Saturday, July 25, 2009

Vertebrate Integumentary System

THE INTEGUMENTARY SYSTEM
The Vertebrate’s outer covering….i.e. the skin
FUNCTIONS:
1. Support and protection (primary function)
2. Reception/transduction of ext. stimuli
3. Material transport (excretion, resorption, dehydration, rehydration)
4. Thermoregulation
5. Gas exchange
6. Nutrient storage
7. Locomotion
8. Behavior (sexual selection, aggression, identification)
9. Sound production

SKIN IS FUNCTIONALLY A UNIT WITH 3 PARTS:
1. Epidermis
2. Dermis
3. Basement Membrane Complex
The Epidermis:
Outermost layer
An Ectodermal derivative
Often glandular

The Dermis (=corium)

Innermost layer
A mesodermal derivative
Neural Crest gives rise to chromatophores or dermal
armor if present
Contains a neural and vascular supply

The Basement Membrane Complex

In between epidermis and dermis
Outer single layer = Basal Lamina
Inner layers = Basal Lamella

SURVEY OF VERTBRATE SKIN

Amphioxus

Epidermis limited to columnar cells and mucous cuticle

Agnatha

Epidermis is more complex with club and granule cells

The Fishes

General characteristics:

Epidermis is very thin, with 2 cell types….epidermal
cells and unicellular glands (mucous)
Mucous cuticle on surface
Microridges to hold mucous in place
Dermis contains chromatophores

Three types of chromatophores:
Melanophores (brown or black pigment)
Lipophores (xanthophores with yellow pigment and
erythrophores with red pigment)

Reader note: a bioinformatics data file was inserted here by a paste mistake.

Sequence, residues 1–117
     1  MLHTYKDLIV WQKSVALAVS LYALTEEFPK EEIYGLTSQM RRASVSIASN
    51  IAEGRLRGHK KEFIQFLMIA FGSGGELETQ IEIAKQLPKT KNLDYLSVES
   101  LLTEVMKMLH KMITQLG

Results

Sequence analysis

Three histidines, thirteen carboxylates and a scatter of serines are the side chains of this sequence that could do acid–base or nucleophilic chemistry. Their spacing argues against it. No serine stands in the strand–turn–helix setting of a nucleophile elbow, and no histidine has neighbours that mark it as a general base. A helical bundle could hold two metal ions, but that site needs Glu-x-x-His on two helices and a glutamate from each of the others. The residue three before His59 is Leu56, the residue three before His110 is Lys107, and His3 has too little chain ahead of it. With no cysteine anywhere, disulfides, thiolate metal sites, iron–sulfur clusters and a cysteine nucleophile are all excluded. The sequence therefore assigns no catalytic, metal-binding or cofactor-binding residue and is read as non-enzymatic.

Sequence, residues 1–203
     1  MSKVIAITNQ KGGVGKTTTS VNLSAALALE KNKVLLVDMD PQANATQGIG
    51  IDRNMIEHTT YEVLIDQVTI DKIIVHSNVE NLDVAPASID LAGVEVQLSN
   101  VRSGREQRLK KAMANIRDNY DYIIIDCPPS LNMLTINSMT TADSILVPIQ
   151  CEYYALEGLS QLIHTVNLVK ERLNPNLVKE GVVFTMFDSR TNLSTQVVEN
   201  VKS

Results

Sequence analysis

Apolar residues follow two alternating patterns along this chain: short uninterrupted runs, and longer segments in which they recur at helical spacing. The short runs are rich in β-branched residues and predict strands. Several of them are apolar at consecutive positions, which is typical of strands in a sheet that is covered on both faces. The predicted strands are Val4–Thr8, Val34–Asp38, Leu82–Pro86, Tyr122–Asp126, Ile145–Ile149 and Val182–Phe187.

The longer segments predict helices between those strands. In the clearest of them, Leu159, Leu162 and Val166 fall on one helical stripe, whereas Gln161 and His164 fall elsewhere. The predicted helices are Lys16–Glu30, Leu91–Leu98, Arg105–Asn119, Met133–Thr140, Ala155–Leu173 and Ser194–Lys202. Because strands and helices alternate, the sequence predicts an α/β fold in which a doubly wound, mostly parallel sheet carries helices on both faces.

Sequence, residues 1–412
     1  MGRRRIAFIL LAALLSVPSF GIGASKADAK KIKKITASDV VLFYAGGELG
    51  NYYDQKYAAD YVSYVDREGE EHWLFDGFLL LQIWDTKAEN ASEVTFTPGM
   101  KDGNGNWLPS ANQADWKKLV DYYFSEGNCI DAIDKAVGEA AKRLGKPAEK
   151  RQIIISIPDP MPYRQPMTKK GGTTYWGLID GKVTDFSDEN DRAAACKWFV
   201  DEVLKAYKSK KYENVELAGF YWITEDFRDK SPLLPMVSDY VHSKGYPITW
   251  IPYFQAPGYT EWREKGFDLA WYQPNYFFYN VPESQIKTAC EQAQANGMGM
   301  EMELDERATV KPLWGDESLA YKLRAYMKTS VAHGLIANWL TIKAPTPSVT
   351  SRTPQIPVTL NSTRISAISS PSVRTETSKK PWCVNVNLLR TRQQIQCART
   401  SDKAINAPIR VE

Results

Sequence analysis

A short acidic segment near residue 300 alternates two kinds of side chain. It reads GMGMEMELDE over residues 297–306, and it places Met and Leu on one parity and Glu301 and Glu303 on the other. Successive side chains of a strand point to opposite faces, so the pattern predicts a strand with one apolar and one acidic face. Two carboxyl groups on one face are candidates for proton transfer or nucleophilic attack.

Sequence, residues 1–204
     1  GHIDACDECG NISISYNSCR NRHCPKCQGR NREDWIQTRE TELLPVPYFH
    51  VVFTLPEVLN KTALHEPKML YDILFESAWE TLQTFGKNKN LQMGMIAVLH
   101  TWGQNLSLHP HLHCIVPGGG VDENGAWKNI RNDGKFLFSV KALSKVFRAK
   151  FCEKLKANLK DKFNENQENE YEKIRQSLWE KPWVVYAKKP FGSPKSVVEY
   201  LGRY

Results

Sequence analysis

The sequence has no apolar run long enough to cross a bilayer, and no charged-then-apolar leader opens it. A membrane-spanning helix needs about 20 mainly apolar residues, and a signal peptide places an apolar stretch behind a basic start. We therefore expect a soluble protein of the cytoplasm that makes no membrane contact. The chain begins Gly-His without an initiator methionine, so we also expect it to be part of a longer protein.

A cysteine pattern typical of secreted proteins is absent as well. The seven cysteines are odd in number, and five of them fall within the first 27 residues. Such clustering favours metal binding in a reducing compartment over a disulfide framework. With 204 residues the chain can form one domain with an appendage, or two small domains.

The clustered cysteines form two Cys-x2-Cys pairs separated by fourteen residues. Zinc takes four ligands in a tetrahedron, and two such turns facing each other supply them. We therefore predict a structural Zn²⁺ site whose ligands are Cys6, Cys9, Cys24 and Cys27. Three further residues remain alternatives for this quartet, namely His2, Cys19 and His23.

Iridophores (reflective)

Dermis produces a dermal scale in many

Chondrichthyes:

Placoid scales or dermal denticles
Outer enamel; inner dentin
Epidermis does not cover scales

Osteichthyes:

Bony fish scales are covered by a thin layer of epidermis



Osteichthyes-Sarcopterygii:

Cosmoid Scales
Dermally derived
Outer enamel, intermediate dentin, bony core

Osteichthyes-Actinopterygii:

Dermal scales of three basic types….

Ganoid (Gars, Bichirs)

Dermally derived
Outer enamel (=ganoin), inner bone

Cycloid and Ctenoid (Teleosts that bear scales)

Dermally derived
Scales entirely of lamellar bone
Annuli and Circuli

Amphibia

Epidermis with thin stratum corneum and very little
keratin; Leydig cells
Dermis with chromatophores, poison glands and mucous
glands
Scales are rare


Reptilia

Epidermal scales, with thick outer layer of keratin
Thinner “hinge” region
Inner layer of epidermis regenerative….sloughing

Outer scale surface (Oberhäutchen) often sculpted
…microepidermatoglyphics
Dermis with chromatophores in many
Dermis may possess Osteoderms

Birds

Epidermis thin and bilayered…stratum corneum and
stratum basale
Dermis well-vascularized and innervated
Very few glands

Unique epidermal feathers (of keratin) with basic
structure:
Calamus (quill)
Rachis (shaft)
Barbs, barbules and hooklets

Basic feather types:
Flight, Down, Filoplume and Contour

Feathers probably arose as epidermal scale modifications


Epidermal chromatophores produce pigments which are
carried into feather during development, but
feather surface provides structural color

Feather development
Epidermal feather primordium, dermal papilla,
“collar” and eruption
Feathers grow in tracts, and are connected together in the
dermis by tiny feather muscles

Mammals

Epidermis with 5 layers:
Stratum corneum – outer, keratinized
Stratum lucidum – no organelles
Stratum granulosum – keratin development
Stratum spinosum – developing cells
Stratum basale – germination layer

Epidermal glands present in dermis:
Sebaceous (oil) - Holocrine
Sudoriferous (sweat) – Merocrine

Gland types based on fate of product: